Stewart says he always knew he wanted to give back to the community but never wanted to coach his own kids. “Before you knew it though, like almost every community coach, you were helping out. I tried to keep at arm’s length from my boys and that’s part of the beauty of football. There’s lots of work to be done. I quickly learned how rewarding it was working with youth and how much the fundamentals had evolved over time. I enjoyed going to every coaching clinic and meeting I could and strongly encouraged my fellow coaches to do the same. I’ve been with the club for 15 years now, the last 5 of which as the President of the Warriors as well. Whether I had intended it or not, giving back to NCAFA football and the Warriors has been a great experience.” He explained.
When asked about the most rewarding part of being a coach, Stewart explained, “Indirectly, it was the collective moments I got to watch my boys make new friends while competing playing football. Seeing how they grew to better understand what I call ‘football values’ was the best. For those that ‘get it’, I want to be an advocate in their corner. We have lots of good guys that may need an advocate in their corner, and for the very large majority, I feel it is an honour to play that role. Additionally, I’ve made an effort to develop relationships with CIS coaches across the country. For those few that are driven and gifted enough to play at the next level, I find it very rewarding to play a role in them having football programs that will welcome them.”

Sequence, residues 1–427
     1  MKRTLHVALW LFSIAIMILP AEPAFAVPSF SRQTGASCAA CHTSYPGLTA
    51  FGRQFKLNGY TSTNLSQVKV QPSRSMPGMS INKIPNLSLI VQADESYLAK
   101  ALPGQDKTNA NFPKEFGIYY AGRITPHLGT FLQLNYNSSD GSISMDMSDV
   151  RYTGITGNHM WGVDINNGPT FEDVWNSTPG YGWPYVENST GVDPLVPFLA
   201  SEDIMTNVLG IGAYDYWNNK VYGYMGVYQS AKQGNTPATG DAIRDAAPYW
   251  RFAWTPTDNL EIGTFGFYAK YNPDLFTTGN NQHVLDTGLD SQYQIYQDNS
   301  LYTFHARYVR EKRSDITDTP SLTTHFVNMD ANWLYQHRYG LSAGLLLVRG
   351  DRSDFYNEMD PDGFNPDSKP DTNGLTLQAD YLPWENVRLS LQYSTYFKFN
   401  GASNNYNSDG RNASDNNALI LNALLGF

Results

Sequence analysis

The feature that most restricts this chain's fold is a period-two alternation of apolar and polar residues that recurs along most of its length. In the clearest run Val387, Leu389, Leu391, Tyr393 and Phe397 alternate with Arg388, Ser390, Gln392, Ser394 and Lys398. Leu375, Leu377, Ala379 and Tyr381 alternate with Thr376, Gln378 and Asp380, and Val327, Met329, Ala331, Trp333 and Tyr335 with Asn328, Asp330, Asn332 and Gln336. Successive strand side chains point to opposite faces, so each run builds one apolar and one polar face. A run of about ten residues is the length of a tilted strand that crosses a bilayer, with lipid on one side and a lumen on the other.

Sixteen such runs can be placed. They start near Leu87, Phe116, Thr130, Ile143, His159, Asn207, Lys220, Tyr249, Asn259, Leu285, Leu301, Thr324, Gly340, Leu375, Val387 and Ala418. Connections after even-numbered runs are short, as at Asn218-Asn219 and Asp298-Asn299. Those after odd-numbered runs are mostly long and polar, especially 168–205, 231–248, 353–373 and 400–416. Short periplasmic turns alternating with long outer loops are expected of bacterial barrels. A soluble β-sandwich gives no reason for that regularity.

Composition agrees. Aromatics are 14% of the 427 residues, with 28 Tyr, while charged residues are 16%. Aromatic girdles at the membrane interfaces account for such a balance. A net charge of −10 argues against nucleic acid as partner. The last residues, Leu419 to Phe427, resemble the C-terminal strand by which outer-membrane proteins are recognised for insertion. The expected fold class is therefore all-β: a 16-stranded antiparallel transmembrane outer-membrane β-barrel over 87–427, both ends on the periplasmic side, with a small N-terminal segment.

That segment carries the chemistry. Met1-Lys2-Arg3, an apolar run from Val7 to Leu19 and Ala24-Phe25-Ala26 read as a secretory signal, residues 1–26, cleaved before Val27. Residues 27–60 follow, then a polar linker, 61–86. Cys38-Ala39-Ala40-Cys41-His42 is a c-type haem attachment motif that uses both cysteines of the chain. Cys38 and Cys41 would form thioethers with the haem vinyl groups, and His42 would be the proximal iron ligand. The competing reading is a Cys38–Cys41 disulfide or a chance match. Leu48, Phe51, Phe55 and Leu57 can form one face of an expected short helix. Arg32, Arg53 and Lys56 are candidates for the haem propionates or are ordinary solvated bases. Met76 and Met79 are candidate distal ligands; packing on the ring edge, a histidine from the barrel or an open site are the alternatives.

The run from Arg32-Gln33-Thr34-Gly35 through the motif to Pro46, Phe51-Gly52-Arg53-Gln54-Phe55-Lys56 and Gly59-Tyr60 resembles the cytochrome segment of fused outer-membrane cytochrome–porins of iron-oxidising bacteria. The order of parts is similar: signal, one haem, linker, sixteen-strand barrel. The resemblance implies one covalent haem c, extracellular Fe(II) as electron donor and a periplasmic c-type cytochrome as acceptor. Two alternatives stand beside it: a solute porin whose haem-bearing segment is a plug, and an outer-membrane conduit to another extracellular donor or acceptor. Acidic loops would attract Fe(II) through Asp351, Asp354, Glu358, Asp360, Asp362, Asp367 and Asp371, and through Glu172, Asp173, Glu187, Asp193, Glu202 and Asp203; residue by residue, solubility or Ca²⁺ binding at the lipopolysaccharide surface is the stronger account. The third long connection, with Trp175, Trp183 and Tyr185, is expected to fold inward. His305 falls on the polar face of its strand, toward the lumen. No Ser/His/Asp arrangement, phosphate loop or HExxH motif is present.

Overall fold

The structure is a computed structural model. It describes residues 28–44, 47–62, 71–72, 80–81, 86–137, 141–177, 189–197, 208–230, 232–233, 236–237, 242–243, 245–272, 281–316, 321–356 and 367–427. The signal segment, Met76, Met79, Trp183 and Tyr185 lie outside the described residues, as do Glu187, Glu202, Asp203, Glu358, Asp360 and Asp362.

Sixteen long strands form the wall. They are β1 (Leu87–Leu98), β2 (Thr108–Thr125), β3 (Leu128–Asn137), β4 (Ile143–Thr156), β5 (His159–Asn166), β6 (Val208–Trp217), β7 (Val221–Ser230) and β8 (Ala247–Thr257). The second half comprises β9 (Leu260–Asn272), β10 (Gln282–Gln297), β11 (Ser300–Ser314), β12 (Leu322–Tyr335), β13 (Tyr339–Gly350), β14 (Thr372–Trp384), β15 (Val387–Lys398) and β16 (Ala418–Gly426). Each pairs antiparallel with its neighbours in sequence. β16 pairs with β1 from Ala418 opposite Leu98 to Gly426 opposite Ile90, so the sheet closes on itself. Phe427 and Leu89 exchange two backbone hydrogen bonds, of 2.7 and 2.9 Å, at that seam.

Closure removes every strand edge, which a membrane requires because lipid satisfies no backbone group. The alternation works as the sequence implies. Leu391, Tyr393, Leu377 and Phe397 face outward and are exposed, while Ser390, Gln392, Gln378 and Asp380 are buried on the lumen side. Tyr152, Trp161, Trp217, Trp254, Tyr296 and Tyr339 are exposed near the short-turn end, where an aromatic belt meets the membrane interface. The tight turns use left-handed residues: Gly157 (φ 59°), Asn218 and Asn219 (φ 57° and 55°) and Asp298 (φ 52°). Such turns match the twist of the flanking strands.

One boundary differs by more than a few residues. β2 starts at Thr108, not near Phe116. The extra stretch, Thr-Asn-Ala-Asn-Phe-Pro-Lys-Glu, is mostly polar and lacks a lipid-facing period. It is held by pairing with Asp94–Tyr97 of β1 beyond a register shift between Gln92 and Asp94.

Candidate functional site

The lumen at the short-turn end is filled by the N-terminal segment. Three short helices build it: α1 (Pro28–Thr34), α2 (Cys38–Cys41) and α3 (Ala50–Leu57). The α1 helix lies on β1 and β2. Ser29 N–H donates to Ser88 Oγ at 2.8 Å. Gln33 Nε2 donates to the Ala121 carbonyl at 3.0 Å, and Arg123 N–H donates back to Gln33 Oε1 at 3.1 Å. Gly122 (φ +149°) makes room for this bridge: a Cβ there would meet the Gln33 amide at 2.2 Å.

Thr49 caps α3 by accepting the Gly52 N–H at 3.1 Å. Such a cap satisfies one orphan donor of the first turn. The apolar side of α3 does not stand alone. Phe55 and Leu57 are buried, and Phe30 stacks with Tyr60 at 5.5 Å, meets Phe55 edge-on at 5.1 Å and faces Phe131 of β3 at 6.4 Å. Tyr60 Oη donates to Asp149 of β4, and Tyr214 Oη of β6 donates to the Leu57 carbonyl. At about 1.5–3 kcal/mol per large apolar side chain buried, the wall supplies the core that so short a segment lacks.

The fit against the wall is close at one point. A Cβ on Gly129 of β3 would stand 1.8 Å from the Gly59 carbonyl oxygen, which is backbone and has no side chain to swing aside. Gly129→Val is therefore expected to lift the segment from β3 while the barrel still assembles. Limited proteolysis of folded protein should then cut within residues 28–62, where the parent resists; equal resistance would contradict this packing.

Stewart said that one of the biggest challenges that comes with coaching is being faced with negative influences. “Negative influences come in many forms but regardless if they are within your organization, on the far sideline or in your own huddles, they are always a challenge in community sport. I am not sure if many realize the time and effort required to host a football program. It requires innovation, creativeness, resourcefulness and a tireless dedication of a lot of volunteers. This is why I clearly admire those families, volunteers and players that choose to be with the team as a team for the team. It is a team sport and the ultimate lesson for our youth to learn from playing football, aside from being competitive and driven, is to be thoughtful, caring and selfless.” says Stewart. Stewart says it is important to put the team first, “It is certainly the biggest challenge in community sport but the most worthy of aspirations and one that our club embraces. Aspire to be the best on the team but really aspire to be the best for the team! We want our families, volunteers and players to be ‘Warriors For Life’ on and off the field.”